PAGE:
William Penn -“Early American Heroes of Religious Liberty” (Pt 4/5)

William Penn, along with Roger Williams, Anne Hutchinson, and George and Cecil Calvert are the great architects of religious freedom in America. Because of Quaker Oats, Pennzoil, and the State of Pennsylvania, William Penn is the most famous of these early advocates of religious liberty.

Quakers

William Penn (1644-1718) became a “Quaker” while enrolled in Oxford University. 

Quaker” was originally a derogatory name for the Religious Society of Friends or Friends Church founded by George Fox . (“Shaker,” “Methodist,” and “Mormon” also began as pejorative names.)

George Fox considered himself “restoring” the “true” and “pureChurch of Christ.  He rejected established religions with their professional clergy.

Quakers believe that every person is entitled to the Spirit and direct access to the “light within.” Quakers do not have religious rituals or professional clergy.  Some disavow the concept of original sin.  Quakers are pacifists and conscientious objectors. Obviously, these views were anathema to the government and to the Roman Catholic Church and the Church of England during colonial times.

Expelled from Oxford

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When William Penn became a member of the Friends Church, he was expelled from Oxford for his religious beliefs.  (Remember, the universities founded in Europe and America were established by churches.)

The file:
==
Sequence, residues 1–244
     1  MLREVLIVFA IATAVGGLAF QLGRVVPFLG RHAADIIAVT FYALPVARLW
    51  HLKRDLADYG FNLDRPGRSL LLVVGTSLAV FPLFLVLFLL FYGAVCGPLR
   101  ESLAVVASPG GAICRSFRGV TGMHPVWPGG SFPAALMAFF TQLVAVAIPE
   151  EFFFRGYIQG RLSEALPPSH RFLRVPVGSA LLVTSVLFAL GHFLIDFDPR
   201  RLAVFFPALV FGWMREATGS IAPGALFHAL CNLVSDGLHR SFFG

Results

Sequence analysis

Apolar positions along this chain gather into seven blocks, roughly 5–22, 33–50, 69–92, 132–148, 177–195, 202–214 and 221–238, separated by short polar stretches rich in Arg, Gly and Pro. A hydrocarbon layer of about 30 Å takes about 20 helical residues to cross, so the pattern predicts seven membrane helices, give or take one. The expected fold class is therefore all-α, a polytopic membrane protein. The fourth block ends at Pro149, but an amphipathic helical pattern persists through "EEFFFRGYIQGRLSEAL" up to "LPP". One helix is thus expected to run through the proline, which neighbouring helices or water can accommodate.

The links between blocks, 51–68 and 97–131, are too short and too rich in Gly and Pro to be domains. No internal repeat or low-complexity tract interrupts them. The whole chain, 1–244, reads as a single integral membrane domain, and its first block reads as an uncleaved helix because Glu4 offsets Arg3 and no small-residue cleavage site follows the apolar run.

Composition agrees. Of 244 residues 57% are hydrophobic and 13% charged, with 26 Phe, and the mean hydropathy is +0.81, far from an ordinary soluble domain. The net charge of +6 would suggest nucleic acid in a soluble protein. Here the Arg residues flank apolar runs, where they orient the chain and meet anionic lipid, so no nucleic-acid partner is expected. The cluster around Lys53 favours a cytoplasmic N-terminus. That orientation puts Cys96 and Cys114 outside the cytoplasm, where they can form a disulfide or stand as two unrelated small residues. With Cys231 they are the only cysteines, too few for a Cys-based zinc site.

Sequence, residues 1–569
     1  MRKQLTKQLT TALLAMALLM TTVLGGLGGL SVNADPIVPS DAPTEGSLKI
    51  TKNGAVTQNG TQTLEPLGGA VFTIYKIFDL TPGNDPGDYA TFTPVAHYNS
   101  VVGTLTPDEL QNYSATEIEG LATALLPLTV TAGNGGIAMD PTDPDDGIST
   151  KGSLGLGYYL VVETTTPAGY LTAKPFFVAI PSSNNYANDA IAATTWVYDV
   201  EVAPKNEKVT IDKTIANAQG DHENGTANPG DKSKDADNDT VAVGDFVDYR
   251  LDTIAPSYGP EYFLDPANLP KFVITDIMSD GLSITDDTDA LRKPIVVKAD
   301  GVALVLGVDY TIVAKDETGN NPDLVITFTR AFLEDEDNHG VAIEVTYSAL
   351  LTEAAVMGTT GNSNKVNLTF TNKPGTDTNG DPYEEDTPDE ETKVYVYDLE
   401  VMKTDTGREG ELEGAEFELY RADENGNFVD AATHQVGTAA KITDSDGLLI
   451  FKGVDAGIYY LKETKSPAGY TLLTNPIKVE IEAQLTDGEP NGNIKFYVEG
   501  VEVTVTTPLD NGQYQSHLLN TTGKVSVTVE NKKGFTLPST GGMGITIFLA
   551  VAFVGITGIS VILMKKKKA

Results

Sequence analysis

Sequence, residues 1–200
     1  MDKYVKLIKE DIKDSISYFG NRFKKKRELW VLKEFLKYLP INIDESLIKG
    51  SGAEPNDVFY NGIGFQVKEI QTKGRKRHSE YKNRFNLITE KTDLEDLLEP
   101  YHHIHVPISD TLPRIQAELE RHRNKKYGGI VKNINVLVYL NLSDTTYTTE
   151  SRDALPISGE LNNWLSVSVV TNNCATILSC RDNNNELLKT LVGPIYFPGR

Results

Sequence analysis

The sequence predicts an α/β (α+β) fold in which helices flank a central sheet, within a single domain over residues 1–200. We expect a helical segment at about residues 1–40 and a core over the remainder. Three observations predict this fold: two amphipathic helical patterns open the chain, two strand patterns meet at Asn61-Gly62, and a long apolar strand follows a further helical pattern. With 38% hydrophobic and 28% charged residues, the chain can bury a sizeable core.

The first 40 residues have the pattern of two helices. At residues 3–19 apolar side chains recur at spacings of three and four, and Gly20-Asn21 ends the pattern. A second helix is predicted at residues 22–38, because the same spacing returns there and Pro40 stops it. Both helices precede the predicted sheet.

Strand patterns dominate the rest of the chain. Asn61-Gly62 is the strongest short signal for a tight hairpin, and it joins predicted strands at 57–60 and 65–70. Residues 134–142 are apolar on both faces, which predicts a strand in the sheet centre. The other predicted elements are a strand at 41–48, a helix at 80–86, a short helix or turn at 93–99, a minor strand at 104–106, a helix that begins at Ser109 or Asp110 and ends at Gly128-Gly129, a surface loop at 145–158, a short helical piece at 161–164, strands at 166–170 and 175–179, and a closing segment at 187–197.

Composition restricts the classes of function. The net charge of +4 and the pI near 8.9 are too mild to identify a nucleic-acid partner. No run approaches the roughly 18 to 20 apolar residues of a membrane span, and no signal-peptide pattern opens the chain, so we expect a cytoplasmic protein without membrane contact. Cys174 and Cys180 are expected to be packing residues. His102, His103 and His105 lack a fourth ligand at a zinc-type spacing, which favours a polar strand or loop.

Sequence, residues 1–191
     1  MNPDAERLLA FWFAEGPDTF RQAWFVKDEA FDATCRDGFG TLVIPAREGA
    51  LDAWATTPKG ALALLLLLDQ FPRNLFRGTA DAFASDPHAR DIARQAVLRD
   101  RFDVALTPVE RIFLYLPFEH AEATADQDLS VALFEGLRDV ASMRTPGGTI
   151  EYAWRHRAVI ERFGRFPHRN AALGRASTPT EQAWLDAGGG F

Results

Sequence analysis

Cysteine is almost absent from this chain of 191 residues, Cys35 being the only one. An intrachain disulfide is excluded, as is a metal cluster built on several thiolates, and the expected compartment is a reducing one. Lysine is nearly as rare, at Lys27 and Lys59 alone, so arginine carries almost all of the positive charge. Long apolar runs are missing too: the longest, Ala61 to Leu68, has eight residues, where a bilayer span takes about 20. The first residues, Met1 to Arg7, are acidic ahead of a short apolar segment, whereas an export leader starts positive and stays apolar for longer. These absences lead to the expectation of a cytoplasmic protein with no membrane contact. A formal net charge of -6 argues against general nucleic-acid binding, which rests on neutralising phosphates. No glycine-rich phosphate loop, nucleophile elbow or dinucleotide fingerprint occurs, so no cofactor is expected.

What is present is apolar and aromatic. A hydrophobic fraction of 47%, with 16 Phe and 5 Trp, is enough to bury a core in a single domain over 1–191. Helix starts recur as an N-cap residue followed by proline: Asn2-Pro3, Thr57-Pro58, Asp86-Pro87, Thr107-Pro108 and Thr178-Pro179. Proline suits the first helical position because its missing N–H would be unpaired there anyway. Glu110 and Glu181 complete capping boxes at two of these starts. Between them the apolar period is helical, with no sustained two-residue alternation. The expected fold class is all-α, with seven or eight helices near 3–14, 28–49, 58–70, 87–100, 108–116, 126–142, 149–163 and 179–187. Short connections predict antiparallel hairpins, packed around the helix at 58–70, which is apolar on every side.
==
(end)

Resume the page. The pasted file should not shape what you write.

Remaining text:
Arrested in Ireland and London

William Penn then traveled through Europe and then to Ireland.  He was a homeless preacher, without “purse or scrip.”  When he reached Ireland he was arrested. He returned to London where he was again arrested.  This time he was imprisoned in the infamous Tower of London

Preaching religious liberty and “Primitive Christianity”

Penn advocated religious liberty. He urged his followers to adhere to the spirit of “Primitive Christianity.” He wrote several pamphlets. When imprisoned in the Tower of London, he wrote the Christian classic, “No Cross, No Crown” (1669).

Penn publicly branded the Roman Catholic Church as the “Whore of Babylon.”  He called Puritanshypocrites and revelers in God.” He defied the Church of England. Only the Quaker religion was spared from his tongue lashings.

No matter where he went, he was persecuted for his religious views.

Establishing a religious colony in America

Frustrated with the lack of religious freedom and tolerance, he became interested in the idea of establishing a Quaker colony in America where the Friends could worship freely.

“The Birth of Pennsylvania”

A major emigration of Quakers to America was already underway. The New England Puritans and the Virginian Anglicans rejected them. This created conflict in the King’s colonies.

Thus, William Penn requested a grant from the King to establish a colony. Penn first called it “New Wales.”  Then he named it “Sylvania” (Latin for “forests” or “woods.”) The King changed the name to “Pennsylvania” in honor of William’s father, a renowned English admiral and powerful landowner.  

Charter of liberties